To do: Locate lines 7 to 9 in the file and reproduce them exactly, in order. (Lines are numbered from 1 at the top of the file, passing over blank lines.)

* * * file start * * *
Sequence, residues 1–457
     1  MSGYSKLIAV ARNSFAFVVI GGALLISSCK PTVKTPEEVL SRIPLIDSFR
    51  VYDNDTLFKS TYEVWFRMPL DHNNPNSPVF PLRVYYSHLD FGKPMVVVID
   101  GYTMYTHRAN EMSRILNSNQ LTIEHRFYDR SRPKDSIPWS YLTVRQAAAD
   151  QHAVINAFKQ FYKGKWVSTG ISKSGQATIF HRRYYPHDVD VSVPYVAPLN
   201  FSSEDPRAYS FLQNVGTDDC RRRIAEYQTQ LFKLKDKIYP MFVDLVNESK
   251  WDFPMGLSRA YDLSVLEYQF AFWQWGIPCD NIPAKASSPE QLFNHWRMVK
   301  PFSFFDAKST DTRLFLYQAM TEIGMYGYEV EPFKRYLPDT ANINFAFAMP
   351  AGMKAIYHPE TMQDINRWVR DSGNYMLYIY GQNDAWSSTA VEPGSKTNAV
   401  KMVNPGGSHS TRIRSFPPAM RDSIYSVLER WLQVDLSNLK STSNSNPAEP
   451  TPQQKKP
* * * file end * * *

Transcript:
   251  WDFPMGLSRA YDLSVLEYQF AFWQWGIPCD NIPAKASSPE QLFNHWRMVK
   301  PFSFFDAKST DTRLFLYQAM TEIGMYGYEV EPFKRYLPDT ANINFAFAMP
   351  AGMKAIYHPE TMQDINRWVR DSGNYMLYIY GQNDAWSSTA VEPGSKTNAV